More than 20 years after his death, Harry Caray remains a larger than life figure. We remember him as a lovable broadcaster who helped make many bad Cubs teams more enjoyable to watch back in the 1980s and 1990s. Thousands of fans pass by his statue outside Wrigley Field every home game. We still honor him with the Seventh Inning Stretch and see impressions of him by the likes of Will Ferrell and Ryan Dempster.
But how well do we really know Harry Caray? There is so much more to his life than what most Cubs fans remember him for today. Fortunately, Don Zminda has offered up a timely and enjoyable book about the legendary broadcaster, The Legendary Harry Caray: Baseball’s Greatest Salesman.
Caray spent a total of 16 years (1982-1997) in the Cubs’ broadcast booth, but it was with the St. Louis Cardinals that he made a name for himself; in fact, Caray was there for 25 years (1945-1969). According to Zminda, what made Caray unique was the fact that he called the game like an average fan might. Caray was unabashedly a supporter of the Cardinals, getting excited when the team did something good and criticizing them when things went wrong.
This went against the conventions of sports broadcasting, which was expected to be more objective and not as full of raw emotion. For that, Caray received a lot of criticism from commentators and didn’t get along well with all of his broadcast partners. Yet it was also because of that that he became popular with the fans; though some did not like him, the majority of those who expressed their opinions thought highly of him.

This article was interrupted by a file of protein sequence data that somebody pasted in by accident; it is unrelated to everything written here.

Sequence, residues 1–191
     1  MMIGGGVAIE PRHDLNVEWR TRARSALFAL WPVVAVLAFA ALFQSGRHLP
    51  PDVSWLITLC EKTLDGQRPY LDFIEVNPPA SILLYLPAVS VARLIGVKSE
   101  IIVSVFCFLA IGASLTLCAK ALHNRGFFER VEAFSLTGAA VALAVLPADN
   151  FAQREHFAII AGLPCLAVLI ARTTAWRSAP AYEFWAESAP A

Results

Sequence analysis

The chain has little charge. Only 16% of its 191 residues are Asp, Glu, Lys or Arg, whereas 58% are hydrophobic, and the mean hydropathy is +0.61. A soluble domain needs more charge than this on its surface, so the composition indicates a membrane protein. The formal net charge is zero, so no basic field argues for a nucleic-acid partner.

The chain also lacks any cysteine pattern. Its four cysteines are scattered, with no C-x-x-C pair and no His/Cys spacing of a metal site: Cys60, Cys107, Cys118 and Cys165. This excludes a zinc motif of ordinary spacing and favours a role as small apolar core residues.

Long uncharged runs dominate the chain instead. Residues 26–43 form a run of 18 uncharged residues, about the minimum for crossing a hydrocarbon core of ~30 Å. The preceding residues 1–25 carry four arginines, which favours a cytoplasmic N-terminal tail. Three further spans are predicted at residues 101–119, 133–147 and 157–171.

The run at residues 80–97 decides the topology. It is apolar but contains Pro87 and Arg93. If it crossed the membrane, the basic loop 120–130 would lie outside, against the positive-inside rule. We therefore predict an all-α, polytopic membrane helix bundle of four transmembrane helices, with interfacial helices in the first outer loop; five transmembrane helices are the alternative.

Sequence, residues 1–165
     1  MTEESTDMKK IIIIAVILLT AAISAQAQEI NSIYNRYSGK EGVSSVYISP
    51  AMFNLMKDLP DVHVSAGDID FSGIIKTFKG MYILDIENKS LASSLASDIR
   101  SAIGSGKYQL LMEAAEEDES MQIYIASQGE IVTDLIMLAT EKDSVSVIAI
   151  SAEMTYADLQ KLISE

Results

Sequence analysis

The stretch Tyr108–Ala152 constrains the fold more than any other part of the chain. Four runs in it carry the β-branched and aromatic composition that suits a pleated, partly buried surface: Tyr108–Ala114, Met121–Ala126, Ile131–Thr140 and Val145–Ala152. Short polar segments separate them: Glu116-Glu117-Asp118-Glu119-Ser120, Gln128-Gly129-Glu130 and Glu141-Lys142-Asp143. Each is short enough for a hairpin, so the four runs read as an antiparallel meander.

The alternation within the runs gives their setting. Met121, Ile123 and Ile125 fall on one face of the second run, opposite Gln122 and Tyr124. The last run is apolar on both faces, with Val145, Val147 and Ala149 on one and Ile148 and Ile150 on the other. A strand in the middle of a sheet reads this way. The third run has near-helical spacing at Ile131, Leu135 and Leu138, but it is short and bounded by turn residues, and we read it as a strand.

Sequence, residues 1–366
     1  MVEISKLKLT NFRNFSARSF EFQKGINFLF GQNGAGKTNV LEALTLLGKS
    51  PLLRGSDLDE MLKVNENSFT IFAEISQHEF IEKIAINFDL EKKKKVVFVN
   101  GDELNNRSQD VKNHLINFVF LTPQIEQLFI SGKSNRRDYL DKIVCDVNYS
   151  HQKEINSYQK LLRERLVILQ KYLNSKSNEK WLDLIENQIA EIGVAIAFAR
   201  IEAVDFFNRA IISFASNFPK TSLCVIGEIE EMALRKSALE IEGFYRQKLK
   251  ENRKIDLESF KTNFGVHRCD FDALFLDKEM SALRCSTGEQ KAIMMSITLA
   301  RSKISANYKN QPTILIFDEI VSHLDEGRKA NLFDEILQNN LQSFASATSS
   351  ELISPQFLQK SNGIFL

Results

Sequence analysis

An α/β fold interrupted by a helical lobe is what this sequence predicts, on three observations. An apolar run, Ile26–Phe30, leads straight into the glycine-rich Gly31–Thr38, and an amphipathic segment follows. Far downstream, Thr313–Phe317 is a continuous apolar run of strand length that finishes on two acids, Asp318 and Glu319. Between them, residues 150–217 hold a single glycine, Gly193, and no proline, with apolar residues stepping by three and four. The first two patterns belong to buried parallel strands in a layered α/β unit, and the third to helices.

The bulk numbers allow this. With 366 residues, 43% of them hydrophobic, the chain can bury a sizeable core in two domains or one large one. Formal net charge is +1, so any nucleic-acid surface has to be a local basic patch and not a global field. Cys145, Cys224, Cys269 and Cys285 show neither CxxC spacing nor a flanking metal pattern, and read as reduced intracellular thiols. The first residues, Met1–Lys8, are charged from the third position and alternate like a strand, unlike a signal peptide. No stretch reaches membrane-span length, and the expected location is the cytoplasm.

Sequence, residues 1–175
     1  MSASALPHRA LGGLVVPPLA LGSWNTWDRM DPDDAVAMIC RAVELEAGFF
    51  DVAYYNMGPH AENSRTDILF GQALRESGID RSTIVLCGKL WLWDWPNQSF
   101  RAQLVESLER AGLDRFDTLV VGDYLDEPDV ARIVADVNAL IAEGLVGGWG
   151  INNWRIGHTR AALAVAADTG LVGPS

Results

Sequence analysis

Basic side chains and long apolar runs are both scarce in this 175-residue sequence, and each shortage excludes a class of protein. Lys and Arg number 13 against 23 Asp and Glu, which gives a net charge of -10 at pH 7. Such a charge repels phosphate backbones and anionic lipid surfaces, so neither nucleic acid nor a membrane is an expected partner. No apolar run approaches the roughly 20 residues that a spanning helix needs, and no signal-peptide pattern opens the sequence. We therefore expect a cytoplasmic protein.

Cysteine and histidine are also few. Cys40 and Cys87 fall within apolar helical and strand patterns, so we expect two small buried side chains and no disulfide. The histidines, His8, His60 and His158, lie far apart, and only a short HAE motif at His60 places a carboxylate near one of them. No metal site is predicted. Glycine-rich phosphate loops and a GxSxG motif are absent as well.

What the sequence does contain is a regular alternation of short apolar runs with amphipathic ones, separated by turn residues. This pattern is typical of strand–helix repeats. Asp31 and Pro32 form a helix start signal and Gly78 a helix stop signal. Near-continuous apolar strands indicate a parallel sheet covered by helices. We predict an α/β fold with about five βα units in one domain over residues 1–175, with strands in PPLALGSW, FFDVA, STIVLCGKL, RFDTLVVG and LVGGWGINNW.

After 25 years with the Cardinals, Caray would spend one year as the voice of the Oakland Athletics before spending 11 years with the Chicago White Sox. Most fans today seem quick to forgive Caray for spending a combined 36 years with the Cubs’ two biggest rivals, especially considering that his time with the Cubs was only about half of that. Despite the caricature that many portray of Caray today, he was actually a talented broadcaster who received many honors and awards for his work.
Zminda credits Caray with increasing the fan base of all the teams he worked for. Though the magical season of 1984 brought a lot of new Cubs fans into the fold, Caray and Steve Stone’s national telecasts on WGN – mostly during the day, when there were few other games on – helped to make the Cubs franchise what it is today.
The biggest strength of Zminda’s book is his objective assessment of Caray’s career. He does a good job of presenting the views of both his admirers and his detractors. Zminda himself is neither overly praiseworthy or overly critical of Caray, either as a person or a broadcaster, and this allows the readers to make up their minds about Caray for themselves (though I’m guessing that most Cubs fans who read this still love him).
In summary, this book was an easy read. I also learned a lot about Harry Caray and about broadcasting in general. I would recommend this book to anyone who is interested in baseball, the Chicago Cubs, or broadcasting history.